Vision Zero Safety Initiative

The basic concept of Vision Zero is to reduce the number of accidents and errors of consequence.


Late in the evening on January 10, 2005, a medevac helicopter crashed in the Potomac River off the Maryland coastline, killing two of three crew members on board. It was the most recent event in a sequence of fatal accidents that had afflicted the medical transport community over the preceding 12 months.

In March 2005, under the tutelage of then-president Tom Judge and active consumer medevac advocate Dr. John Wish, the Association of Air Medical Services (AAMS) adopted the AAMS Vision Zero Safety Initiative.

Originally modeled after a Swedish road safety principle, the basic concept of Vision Zero remains the same in the AAMS version: to reduce the number of accidents and errors of consequence. AAMS' Vision Zero is expressly designed with relevance to the entire medical transport community, including both air and ground transport, as well as encompassing patient and workplace safety. Vision Zero, at its core, represents a goal that is attainable and applicable to all involved: the reduction and, ultimately, elimination of safety-related accidents.

Initially, Vision Zero focused on higher levels of leadership within the medical transport community by way of white papers and policy recommendations written to stimulate change in safety culture. Then, in 2009, AAMS appointed flight nurse Jonathan Godfrey as the official Vision Zero chairperson. Godfrey was the sole survivor of the Potomac River accident that took the life of his fellow crewmembers. Through his personal and tragic experience, Godfrey brought enormous passion for medical transport safety to the table and sought to expand the initiative’s scope.

Under Godfrey, and with a significant investment by the MedEvac Foundation International, Vision Zero began addressing existing gaps in education and funding that face many medical transport providers. Godfrey strongly believed that one vital way these gaps can be filled is through the sharing of resources that already exist. These resources can be found in every transport program, whether they are in the form of policies, procedures, videos, posters, education outlines, signs or ambulance/aircraft interior or structure designs, and are often created within a single program but never peripherally shared. As a result, transport providers spend their limited time and money on creating these resources for their own, essentially recreating the wheel because they are unaware of, or unable to access, the resources that already exist.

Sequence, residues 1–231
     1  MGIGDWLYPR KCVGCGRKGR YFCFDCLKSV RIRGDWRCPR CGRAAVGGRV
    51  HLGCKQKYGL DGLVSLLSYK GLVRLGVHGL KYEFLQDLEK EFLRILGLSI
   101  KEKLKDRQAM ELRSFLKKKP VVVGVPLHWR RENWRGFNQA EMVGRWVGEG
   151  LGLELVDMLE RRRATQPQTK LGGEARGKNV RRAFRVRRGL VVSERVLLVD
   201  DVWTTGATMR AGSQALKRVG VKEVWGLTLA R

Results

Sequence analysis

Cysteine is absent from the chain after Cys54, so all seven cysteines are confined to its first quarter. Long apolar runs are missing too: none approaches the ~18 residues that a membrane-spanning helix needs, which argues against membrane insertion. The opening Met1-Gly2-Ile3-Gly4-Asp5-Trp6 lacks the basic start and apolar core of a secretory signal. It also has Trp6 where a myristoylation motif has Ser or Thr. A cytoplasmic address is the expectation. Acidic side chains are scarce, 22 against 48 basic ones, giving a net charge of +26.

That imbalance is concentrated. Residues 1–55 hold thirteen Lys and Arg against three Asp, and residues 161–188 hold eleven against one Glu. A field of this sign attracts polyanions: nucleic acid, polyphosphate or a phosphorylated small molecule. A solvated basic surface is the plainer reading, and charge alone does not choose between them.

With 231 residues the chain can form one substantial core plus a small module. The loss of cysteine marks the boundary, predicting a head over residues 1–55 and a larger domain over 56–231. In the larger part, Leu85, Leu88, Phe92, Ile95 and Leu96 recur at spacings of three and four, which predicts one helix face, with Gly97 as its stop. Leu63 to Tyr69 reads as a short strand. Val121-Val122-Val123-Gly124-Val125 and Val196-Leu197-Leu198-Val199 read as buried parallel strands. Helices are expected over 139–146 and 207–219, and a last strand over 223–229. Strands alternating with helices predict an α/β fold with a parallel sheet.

With this knowledge, Vision Zero set out to create the Vision Zero Toolbox. The Toolbox is designed as an online repository where transport-related safety tools can be aggregated in a central location and accessed by those involved in the medical transport community seeking to improve the safety culture within their programs. The Toolbox allows users to submit tools for review and to access other tools in various categories or "drawers." Each tool that is submitted is then reviewed for relevancy, usefulness and timeliness by volunteers from the medical transport community, termed "mechanics."

This Toolbox is particularly useful because it is free and contains a variety of valuable information all in one place. Drawing on the phrase, "safety is not proprietary," Vision Zero seeks to freely share safety resources to benefit the entire medical transport community and the patients it serves. Simply put, improving safety culture can directly result in the reduction of incidents and accidents.

The Vision Zero Toolbox currently has six safety-related drawers. The active collection, review and posting of tools is well underway. Many of the initial tools have been gathered from across the Internet from resources, such as government, that also have open sharing policies. The Toolbox is still in its early stages, however, and Vision Zero continues looking for new ways to expand its efficacy.

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